The seizure near Roha fuels suspicions of wildlife trade in Konkan belt; the mammals are believed to be most widely trafficked animals in world
The pangolins were recovered from three men on the Mumbai-Goa highway near Roha
Forest officials have recovered a pangolin and its pup from three persons from Roha, raising suspicions of traffickers operating in the Konkan belt. The men were intercepted on the Mumbai-Goa highway on Tuesday.
The scaly anteater is an endangered species and is believed to be the most widely trafficked animal in the world.
“We had received a tip that some people were going to transport pangolins. As per primary information, the three were coming from Chiplun. We have recovered a female pangolin and its pup from them,” a senior forest official told mid-day.
The alleged traffickers have been booked under the Wildlife Protection Act. “We are trying to find out if these people are a part of a racket that is involved in trafficking of wild animals,” added the official.
Experts said pangolin scales are in high demand in Asia, particularly for use in traditional Chinese medicines, though there is no evidence to support this belief. Its meat is considered a delicacy in some countries.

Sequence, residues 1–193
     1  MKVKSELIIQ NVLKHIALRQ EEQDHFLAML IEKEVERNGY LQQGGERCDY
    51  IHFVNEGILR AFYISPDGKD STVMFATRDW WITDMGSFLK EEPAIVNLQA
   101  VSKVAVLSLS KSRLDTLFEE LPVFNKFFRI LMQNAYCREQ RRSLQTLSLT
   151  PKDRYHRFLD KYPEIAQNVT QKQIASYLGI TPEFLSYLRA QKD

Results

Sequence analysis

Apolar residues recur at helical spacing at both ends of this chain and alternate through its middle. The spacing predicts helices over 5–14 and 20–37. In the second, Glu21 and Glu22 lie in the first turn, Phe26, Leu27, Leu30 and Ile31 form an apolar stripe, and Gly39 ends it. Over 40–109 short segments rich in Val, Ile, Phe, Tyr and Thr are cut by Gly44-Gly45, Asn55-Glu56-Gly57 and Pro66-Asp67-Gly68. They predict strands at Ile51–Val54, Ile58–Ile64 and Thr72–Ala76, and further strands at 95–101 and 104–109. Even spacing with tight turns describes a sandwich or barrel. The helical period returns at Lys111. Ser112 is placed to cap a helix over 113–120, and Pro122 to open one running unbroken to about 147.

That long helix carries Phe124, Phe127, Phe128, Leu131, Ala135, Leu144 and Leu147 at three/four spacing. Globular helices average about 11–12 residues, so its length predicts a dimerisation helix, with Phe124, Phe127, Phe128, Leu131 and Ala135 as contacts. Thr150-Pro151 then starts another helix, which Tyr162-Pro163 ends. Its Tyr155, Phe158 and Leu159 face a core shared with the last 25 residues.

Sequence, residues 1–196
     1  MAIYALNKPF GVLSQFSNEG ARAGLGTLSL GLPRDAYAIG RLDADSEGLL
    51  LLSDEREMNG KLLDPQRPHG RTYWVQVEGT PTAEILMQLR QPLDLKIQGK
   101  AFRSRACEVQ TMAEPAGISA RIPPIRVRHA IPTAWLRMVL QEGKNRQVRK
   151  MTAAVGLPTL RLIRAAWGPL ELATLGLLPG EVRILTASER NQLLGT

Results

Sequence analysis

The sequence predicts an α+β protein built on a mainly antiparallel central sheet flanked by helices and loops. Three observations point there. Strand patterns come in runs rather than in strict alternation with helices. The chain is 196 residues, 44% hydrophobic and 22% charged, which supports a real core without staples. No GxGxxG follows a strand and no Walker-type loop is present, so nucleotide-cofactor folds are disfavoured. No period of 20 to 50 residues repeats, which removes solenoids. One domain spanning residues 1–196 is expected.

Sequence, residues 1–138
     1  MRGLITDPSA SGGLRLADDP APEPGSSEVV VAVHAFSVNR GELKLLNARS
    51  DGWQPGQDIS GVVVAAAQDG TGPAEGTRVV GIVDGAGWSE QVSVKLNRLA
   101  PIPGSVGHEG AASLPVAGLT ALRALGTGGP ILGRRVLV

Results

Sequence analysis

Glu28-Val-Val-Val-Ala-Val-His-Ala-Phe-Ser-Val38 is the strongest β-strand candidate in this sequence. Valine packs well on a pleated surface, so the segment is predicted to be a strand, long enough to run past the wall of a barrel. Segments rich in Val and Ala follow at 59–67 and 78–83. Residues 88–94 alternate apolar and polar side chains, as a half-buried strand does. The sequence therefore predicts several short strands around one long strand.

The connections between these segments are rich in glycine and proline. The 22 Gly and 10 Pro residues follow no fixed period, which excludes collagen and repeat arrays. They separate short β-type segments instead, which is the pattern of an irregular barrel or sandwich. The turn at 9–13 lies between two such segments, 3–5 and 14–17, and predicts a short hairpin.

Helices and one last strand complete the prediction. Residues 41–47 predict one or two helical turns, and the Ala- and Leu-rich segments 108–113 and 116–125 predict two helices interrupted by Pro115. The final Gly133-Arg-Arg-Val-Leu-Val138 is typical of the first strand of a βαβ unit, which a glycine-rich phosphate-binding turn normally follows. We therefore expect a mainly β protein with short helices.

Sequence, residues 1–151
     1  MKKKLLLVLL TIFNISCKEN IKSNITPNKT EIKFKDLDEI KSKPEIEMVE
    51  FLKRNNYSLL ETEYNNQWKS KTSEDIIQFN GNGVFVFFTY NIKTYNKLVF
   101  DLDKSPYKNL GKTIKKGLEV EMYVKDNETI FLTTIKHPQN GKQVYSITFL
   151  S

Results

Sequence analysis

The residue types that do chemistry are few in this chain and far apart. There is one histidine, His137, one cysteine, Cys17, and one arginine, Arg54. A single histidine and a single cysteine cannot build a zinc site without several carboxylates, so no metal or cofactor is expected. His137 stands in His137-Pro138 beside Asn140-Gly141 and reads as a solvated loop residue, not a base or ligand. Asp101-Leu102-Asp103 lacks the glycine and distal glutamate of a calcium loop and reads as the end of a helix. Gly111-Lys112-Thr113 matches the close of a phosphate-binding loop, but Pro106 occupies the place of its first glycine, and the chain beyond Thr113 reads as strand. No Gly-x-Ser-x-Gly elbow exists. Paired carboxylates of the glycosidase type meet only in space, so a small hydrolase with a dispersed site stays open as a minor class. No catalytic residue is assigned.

According to the website of the Wildlife Crime Control Bureau, inadequate information on population and distribution of pangolins increases the threats to the species arising from hunting and poaching.
“There is now greater evidence of its inclusion in illicit international trade, in particular its scales, from India through Myanmar to China and south East Asian countries as the most likely, final destinations,” says the portal.
While Indian pangolins are found across the country, the species known as Chinese pangolin is seen in north-eastern states and parts of West Bengal.
After the COVID outbreak, there were swirling rumours that it was linked to pangolins, but the claims were never proved.